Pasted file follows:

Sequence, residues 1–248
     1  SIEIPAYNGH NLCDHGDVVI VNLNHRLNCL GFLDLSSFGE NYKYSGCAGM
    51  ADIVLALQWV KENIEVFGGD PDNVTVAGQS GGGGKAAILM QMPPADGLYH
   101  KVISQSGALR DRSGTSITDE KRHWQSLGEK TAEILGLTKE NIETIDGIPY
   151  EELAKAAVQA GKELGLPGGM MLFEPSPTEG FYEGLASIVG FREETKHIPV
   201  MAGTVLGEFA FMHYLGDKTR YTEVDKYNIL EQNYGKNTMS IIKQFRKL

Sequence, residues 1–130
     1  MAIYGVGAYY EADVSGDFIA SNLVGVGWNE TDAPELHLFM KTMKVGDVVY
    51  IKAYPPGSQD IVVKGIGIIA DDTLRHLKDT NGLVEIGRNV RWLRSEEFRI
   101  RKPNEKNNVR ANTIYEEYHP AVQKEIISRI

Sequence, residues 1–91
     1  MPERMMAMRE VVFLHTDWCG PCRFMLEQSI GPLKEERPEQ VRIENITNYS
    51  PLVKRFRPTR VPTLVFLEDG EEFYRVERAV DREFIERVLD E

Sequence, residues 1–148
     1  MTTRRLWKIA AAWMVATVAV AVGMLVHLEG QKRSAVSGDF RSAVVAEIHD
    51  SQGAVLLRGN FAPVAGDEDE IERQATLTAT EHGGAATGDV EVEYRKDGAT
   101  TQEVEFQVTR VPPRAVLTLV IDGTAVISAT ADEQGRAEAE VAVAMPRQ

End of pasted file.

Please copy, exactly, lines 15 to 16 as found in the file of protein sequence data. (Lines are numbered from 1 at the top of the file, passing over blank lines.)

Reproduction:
     1  MTTRRLWKIA AAWMVATVAV AVGMLVHLEG QKRSAVSGDF RSAVVAEIHD
    51  SQGAVLLRGN FAPVAGDEDE IERQATLTAT EHGGAATGDV EVEYRKDGAT